FINA World Cup is held in America for the first time.

The United States captured all events at the 1987 Pan American Games and the team title at the FINA World Cup.

At the XXIV Olympiad in Seoul, Korea, U.S. Team members Trade Ruiz Conforto and Karen and Sarah Josephson, won silver medals in the solo and duet competitions.

The United States, for the first time since 1975, swept an events at the IV FINA World Cup in Paris. The first FINA Junior World Championship was held in California, Colombia, with the U.S. Team sweeping all events.

The United States wins the Solo and Duet title at the sports Goodwill Games' debut.

At the XI World Aquatic Championships in Perth, Australia, the U.S. Team captures the World Team title. Karen and Sarah Josephson win their first-ever World Duet title. Based on their performances, the United States is now ranked number one in the world. The IOC voted to replace the solo and duet events with the team competition starting at the 1996 Olympic Games. At the V FINA World Cup, the U.S. Team captures the gold medal, Karen and Sarah Josephson with their first FINA World Cup title.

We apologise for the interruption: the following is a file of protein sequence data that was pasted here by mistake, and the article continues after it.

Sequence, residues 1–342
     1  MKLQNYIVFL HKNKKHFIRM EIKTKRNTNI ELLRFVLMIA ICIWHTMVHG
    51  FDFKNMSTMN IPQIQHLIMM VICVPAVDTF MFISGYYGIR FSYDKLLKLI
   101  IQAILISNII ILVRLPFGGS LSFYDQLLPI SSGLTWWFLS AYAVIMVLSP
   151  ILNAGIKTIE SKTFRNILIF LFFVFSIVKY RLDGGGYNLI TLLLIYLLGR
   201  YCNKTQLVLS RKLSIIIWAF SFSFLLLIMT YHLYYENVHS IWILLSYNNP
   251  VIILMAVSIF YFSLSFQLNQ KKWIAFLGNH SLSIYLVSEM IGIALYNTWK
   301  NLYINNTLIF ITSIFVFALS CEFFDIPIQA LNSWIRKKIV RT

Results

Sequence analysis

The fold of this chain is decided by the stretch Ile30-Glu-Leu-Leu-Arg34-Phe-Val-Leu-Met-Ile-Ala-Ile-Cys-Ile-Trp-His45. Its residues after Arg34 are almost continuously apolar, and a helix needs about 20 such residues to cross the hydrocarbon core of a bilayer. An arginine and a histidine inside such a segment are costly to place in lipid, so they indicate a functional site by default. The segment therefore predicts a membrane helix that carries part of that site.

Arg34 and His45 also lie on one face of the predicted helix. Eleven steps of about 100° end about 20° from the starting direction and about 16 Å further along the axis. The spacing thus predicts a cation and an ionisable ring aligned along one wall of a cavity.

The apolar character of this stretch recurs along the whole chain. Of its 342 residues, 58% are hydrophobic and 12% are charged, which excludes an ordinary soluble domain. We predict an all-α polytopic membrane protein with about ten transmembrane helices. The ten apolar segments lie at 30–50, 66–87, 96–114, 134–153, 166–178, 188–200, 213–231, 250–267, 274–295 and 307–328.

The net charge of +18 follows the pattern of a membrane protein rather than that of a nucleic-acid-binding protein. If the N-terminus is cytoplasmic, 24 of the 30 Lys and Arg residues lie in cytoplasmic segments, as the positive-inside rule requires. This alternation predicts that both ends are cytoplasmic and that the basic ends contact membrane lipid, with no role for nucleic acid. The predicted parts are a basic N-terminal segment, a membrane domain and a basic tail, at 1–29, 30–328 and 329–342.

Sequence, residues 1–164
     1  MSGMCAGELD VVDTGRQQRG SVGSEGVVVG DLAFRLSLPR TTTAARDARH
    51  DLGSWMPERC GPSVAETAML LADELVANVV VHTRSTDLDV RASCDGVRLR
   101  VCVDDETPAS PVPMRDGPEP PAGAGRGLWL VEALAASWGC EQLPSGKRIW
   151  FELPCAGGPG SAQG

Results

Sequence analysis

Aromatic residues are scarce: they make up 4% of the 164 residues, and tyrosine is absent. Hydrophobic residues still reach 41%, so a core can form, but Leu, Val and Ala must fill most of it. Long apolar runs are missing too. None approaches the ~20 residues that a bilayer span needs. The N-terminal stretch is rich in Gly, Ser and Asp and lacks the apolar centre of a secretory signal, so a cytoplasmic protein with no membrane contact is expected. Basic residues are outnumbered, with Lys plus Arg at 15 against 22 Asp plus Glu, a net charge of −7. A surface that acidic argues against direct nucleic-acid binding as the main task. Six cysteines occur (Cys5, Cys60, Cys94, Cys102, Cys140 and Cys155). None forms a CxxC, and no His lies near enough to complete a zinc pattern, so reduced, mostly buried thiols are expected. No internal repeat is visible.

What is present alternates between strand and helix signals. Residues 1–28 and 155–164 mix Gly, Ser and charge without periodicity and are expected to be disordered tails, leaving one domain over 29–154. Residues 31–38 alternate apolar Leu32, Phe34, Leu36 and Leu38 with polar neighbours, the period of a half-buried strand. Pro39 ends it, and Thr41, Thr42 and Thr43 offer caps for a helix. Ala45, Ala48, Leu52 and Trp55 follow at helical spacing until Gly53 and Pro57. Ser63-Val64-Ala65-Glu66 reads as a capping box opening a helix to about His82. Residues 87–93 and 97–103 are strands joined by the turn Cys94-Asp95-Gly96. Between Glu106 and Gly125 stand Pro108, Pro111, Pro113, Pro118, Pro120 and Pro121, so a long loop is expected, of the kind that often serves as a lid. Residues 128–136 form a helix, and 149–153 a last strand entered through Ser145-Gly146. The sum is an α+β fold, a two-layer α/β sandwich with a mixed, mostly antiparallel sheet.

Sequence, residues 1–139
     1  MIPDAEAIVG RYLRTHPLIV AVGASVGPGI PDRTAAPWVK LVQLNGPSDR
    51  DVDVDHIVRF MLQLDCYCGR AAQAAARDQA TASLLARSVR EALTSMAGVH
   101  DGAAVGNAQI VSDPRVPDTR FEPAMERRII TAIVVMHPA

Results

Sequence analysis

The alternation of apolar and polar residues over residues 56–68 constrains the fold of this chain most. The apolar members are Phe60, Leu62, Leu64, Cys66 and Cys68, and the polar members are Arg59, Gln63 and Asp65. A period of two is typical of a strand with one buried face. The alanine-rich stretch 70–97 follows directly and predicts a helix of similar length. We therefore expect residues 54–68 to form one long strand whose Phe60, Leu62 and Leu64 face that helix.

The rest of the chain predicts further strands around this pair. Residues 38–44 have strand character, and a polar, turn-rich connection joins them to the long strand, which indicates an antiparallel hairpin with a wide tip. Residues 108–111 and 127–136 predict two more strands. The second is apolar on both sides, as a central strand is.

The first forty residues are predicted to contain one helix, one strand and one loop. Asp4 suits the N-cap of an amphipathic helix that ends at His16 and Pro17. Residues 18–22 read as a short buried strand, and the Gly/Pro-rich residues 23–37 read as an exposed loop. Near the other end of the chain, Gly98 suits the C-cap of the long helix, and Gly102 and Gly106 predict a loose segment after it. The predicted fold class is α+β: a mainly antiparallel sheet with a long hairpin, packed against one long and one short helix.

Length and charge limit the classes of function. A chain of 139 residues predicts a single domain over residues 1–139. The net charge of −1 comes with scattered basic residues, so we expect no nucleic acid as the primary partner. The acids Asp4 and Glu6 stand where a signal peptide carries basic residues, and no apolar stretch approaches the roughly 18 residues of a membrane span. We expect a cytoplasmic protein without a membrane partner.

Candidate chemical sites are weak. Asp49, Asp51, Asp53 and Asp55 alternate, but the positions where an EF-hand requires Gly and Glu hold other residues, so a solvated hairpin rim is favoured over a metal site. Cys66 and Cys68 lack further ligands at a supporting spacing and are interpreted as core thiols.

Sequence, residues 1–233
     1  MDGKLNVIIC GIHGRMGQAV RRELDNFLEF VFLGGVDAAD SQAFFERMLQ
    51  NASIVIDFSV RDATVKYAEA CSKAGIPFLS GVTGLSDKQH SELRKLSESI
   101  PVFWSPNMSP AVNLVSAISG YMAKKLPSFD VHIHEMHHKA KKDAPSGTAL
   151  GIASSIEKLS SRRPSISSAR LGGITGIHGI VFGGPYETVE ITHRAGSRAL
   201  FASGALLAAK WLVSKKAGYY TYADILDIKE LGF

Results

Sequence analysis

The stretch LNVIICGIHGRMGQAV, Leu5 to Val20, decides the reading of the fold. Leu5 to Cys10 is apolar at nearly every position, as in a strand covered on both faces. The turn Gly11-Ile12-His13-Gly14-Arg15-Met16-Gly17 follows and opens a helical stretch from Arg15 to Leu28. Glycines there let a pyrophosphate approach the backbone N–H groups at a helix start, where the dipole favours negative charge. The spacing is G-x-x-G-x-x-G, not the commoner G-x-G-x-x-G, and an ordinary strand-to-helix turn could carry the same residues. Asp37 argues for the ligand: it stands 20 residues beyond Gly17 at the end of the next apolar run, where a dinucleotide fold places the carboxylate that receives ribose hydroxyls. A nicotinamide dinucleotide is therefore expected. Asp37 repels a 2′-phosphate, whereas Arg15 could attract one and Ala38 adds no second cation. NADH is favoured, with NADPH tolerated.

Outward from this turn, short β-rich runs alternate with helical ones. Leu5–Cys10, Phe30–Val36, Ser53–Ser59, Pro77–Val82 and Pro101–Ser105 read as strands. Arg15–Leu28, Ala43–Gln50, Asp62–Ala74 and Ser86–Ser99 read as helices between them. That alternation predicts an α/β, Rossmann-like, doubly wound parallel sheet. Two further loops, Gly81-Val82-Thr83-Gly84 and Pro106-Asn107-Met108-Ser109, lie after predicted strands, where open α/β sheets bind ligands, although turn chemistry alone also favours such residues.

At the XXV Olympiad in Barcelona, Spain, the U.S. team sweeps gold medals in both events. Kristen Babb-Sprague is crowned solo champion. Karen and Sarah Josephson dominate the duet competition to win their first-ever Olympic gold medal.

The United States wins all events at the VI Synchronized Swimming World Cup. America's Becky Dyroen-Lancer has her second grand slam performance of the year winning gold medals in solo, duet, team and figures.

Team USA sweeps all events at the VII World Aquatic Championships in Rome. Once again, Becky Dyroen-Lancer leads the Americans with another grand slam performance. Dyroen-Lancer wins more gold medals than any other American at the Games which includes swimming, diving, and water polo.

For the second consecutive time, Team USA, led by Becky Dyroen-Lancer, sweeps the NationsBank Synchronized Swimming World Cup in Atlanta. Dyroen-Lancer records her ninth consecutive grand slam. At the Olympic Qualifying event held at the conclusion of the World Cup, the United States sets a new record by receiving a perfect score of ten 10s. It is the first time this has ever been done in a major international competition. U.S. Synchronized Swimming selects its first-ever 10-member Olympic team for the 1996 Games.